single_use_laryngoscope_bladeTHE manufacturers of a medical device implicated in the death of a hospital patient have not been issued with a warning.

An official United Kingdom government medical safety alert was distributed over the death of the patient, who acquired an infection from a laryngoscope handle that had not been decontaminated properly.

The list of bodies, individuals and other interested parties who were contacted in the aftermath of the scandal included health authorities, other bodies, hospital managers and health care professionals.

Yet the companies that make of the reusable laryngoscope handle – which will have provided technical support to the hospital concerned over its correct use – have not received this information.

This could be viewed as being strange, given that the successful use of medical devices relies on medics and clinicians fully understanding the manufacturers’ instructions.

In turn, the companies need to be aware of any shortcomings in the real-world performance of the device or of any misunderstandings as to its correct use.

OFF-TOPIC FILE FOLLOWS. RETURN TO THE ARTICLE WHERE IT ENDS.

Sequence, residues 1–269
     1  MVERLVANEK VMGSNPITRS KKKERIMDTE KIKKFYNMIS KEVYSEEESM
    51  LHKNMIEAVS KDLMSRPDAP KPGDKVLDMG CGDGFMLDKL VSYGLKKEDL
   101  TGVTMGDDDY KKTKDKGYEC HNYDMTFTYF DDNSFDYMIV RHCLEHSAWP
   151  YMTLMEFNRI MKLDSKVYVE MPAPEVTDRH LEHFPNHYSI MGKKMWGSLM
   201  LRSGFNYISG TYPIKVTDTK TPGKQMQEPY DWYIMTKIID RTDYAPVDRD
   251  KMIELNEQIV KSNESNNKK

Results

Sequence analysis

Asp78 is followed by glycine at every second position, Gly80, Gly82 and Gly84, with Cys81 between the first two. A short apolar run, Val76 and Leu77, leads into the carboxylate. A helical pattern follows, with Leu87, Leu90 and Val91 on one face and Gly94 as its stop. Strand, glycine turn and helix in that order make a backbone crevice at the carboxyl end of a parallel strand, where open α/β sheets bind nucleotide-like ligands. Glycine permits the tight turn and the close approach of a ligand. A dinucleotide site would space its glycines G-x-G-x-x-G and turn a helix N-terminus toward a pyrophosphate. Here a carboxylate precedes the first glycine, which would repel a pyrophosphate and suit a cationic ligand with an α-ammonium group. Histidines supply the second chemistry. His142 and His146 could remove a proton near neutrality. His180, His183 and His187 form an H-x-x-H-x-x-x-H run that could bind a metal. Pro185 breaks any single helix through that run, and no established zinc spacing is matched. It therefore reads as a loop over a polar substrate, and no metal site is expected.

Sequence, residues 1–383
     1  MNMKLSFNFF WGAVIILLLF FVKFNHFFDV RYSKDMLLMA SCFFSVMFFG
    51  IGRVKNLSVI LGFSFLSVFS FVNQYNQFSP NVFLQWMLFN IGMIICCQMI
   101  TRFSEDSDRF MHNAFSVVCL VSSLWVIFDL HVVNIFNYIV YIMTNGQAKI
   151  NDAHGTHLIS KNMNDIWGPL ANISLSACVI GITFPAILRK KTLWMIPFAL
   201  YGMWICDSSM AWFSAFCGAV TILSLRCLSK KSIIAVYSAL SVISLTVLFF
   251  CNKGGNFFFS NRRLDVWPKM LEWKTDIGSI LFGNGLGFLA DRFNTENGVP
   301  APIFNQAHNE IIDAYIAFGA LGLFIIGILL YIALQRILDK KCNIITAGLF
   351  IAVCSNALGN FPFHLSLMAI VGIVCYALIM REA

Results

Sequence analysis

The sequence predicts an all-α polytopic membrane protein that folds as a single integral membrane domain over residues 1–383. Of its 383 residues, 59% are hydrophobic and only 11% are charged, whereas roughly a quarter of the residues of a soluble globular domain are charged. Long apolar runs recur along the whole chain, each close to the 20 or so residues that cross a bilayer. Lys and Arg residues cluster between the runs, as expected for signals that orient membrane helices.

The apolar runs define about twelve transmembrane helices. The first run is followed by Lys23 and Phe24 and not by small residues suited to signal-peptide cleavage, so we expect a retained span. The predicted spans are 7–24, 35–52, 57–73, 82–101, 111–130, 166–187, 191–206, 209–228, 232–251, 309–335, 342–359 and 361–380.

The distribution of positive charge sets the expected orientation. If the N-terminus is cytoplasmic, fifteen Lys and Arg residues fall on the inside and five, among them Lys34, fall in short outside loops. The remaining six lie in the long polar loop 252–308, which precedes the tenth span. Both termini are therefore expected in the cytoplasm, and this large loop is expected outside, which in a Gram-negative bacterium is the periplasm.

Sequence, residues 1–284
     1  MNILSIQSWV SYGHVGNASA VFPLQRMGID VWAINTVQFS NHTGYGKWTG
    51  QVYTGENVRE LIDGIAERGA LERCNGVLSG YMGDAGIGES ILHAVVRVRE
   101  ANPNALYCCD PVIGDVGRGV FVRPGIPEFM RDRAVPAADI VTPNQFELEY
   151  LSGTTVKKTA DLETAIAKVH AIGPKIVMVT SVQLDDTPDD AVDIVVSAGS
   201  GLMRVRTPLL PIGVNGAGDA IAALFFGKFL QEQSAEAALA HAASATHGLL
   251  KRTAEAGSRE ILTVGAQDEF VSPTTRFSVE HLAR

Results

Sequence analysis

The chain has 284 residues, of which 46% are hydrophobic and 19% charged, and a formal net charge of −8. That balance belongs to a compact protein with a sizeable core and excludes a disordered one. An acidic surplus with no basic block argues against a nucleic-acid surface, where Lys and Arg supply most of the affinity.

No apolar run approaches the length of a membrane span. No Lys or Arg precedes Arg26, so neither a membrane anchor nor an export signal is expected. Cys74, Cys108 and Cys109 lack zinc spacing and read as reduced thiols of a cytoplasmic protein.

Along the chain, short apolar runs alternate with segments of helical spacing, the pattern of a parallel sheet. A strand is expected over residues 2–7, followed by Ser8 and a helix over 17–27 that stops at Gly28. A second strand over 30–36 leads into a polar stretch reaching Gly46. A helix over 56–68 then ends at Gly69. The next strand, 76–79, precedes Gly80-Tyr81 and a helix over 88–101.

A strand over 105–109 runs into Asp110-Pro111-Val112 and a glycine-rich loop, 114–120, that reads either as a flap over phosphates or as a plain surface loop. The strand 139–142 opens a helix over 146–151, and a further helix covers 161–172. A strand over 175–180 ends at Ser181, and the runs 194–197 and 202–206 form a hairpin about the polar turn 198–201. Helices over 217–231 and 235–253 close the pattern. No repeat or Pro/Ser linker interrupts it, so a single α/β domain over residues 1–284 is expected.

The Medicines and Healthcare Products Regulatory Agency received a report of an inquest that found the patient died after a laryngoscope handle had not been decontaminated appropriately between each patient use. (MDA/2011/096).

The case referred to all reusable laryngoscope handles – all models and all manufacturers.

The MHRA recommended updating procedures to ensure that reusable laryngoscope handles are decontaminated appropriately between each patient use, in accordance with the manufacturers’ instructions.

It also urged “healthcare professionals using these devices and staff responsible” to be aware of the Association of Anaesthetists of Great Britain and Ireland (AAGBI) guidelines, Infection Control in Anaesthesia 2, 2008.

The MDA was sent to:

  • NHS trusts in England
  • Care Quality Commission
  • HSC trusts in Northern Ireland
  • NHS boards in Scotland
  • Local authorities in Scotland
  • NHS boards and trusts in Wales
  • Primary care trusts in England

Onward distribution was suggested for “relevant employees”.

However, what if the misuse of the device resulted from a misunderstanding of the manufacturers’ instructions or from the possibility that they were unclear?

Isn’t that good enough reason alone to merit communication with the makers’ And wouldn’t those companies welcome such feedback, which could help avoid a repeat scenario elsewhere, at a different time or involving a different device?

While this suggestion may not have much truck with the medical device industry or health bodies, it would surely have some traction with members of the public, who, as a general rule, are not aware of the processes, protocols, expertise and personnel that relate to the use of medical devices in clinical settings.

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